Keyword
in
Collection
Date
to
Constantinople and the scenery of the seven churches of Asia Minor
Page 18
Citation
MLA
APA
Chicago/Turabian
Allom, Thomas. Constantinople and the scenery of the seven churches of Asia Minor - Page 18. 1838. Kenneth Franzheim II Rare Books Room, William R. Jenkins Architecture and Art Library, University of Houston Libraries. University of Houston Digital Library. Web. March 31, 2020. https://digital.lib.uh.edu/collection/exotic/item/1996/show/1736.

Disclaimer: This is a general citation for reference purposes. Please consult the most recent edition of your style manual for the proper formatting of the type of source you are citing. If the date given in the citation does not match the date on the digital item, use the more accurate date below the digital item.

Allom, Thomas. (1838). Constantinople and the scenery of the seven churches of Asia Minor - Page 18. Exotic Impressions, Views of Foreign Lands. Kenneth Franzheim II Rare Books Room, William R. Jenkins Architecture and Art Library, University of Houston Libraries. Retrieved from https://digital.lib.uh.edu/collection/exotic/item/1996/show/1736

Disclaimer: This is a general citation for reference purposes. Please consult the most recent edition of your style manual for the proper formatting of the type of source you are citing. If the date given in the citation does not match the date on the digital item, use the more accurate date below the digital item.

Allom, Thomas, Constantinople and the scenery of the seven churches of Asia Minor - Page 18, 1838, Exotic Impressions, Views of Foreign Lands, Kenneth Franzheim II Rare Books Room, William R. Jenkins Architecture and Art Library, University of Houston Libraries, accessed March 31, 2020, https://digital.lib.uh.edu/collection/exotic/item/1996/show/1736.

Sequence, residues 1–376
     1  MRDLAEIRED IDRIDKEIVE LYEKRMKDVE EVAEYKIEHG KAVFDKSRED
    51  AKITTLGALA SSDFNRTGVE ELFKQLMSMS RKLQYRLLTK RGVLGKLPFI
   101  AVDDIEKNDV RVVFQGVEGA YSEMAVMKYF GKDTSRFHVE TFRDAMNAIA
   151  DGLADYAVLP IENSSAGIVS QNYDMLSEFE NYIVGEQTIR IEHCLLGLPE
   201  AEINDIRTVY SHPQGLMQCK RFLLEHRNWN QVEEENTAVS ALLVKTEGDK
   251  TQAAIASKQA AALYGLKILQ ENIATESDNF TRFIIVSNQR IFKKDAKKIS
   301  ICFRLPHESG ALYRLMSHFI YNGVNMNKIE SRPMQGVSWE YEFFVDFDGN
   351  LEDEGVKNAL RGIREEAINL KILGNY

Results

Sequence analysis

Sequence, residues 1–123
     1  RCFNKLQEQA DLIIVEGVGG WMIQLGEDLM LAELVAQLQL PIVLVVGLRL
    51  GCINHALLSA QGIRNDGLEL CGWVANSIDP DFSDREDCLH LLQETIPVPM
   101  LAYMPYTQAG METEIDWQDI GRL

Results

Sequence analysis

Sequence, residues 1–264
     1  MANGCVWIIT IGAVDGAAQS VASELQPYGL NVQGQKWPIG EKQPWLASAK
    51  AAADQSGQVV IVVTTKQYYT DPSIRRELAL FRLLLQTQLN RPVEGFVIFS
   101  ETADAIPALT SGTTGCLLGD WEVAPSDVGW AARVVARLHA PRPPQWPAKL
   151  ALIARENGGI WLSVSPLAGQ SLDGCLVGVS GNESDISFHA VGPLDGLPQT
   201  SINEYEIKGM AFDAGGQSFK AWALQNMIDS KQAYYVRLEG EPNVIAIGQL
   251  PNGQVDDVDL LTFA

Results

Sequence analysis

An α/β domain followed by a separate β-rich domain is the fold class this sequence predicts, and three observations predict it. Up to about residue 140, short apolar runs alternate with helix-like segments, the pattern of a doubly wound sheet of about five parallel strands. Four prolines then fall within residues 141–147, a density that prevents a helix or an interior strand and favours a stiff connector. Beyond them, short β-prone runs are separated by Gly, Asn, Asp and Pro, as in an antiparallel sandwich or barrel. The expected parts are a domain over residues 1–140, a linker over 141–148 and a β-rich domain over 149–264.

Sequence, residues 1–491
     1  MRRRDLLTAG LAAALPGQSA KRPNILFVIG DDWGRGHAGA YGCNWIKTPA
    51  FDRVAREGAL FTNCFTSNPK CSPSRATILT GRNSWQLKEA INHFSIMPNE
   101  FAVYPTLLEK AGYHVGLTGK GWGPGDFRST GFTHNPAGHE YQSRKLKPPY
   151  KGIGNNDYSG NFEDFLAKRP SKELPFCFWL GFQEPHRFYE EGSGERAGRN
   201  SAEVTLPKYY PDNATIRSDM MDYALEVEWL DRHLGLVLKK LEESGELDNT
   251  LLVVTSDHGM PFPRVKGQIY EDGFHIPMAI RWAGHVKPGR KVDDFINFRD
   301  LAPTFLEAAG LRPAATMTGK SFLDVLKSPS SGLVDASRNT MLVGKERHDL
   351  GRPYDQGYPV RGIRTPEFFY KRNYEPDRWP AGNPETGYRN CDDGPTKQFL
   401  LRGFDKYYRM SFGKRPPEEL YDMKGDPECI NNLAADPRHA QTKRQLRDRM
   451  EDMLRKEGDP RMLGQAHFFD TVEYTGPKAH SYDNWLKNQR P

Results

Disclaimer: This is a general citation for reference purposes. Please consult the most recent edition of your style manual for the proper formatting of the type of source you are citing. If the date given in the citation does not match the date on the digital item, use the more accurate date below the digital item.

URL
Embed Image
Compound Item Description
Title Constantinople and the scenery of the seven churches of Asia Minor
Creator (LCNAF)
  • Allom, Thomas
Contributor (Local)
  • Walsh, Robert
Publisher Fisher, Son, & Co.
Date 1838
Subject.Topical (LCSH)
  • History
Subject.Geographic (TGN)
  • Istanbul, Turkey
Genre (AAT)
  • books
  • plates (illustrations)
  • maps (documents)
Language English
Type (DCMI)
  • Text
Original Item Extent 92 plates
Original Item Location DR 427 .A44
Original Item URL http://library.uh.edu/record=b1817693~S11
Digital Collection Exotic Impressions: Views of Foreign Lands
Digital Collection URL http://digital.lib.uh.edu/collection/exotic
Repository Kenneth Franzheim II Rare Books Room, William R. Jenkins Architecture and Art Library, University of Houston Libraries
Repository URL http://info.lib.uh.edu/about/campus-libraries-collections/william-r-jenkins-architecture-art-library
Use and Reproduction No Copyright - United States
Identifier exotic_201304_011